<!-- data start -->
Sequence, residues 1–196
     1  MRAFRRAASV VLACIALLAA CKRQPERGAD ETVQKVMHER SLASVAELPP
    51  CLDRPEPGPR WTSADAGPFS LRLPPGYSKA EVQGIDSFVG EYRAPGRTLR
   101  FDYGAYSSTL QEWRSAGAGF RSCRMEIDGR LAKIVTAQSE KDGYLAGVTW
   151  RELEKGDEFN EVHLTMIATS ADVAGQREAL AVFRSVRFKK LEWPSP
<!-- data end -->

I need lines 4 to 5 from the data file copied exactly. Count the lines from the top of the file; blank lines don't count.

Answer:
   101  FDYGAYSSTL QEWRSAGAGF RSCRMEIDGR LAKIVTAQSE KDGYLAGVTW
   151  RELEKGDEFN EVHLTMIATS ADVAGQREAL AVFRSVRFKK LEWPSP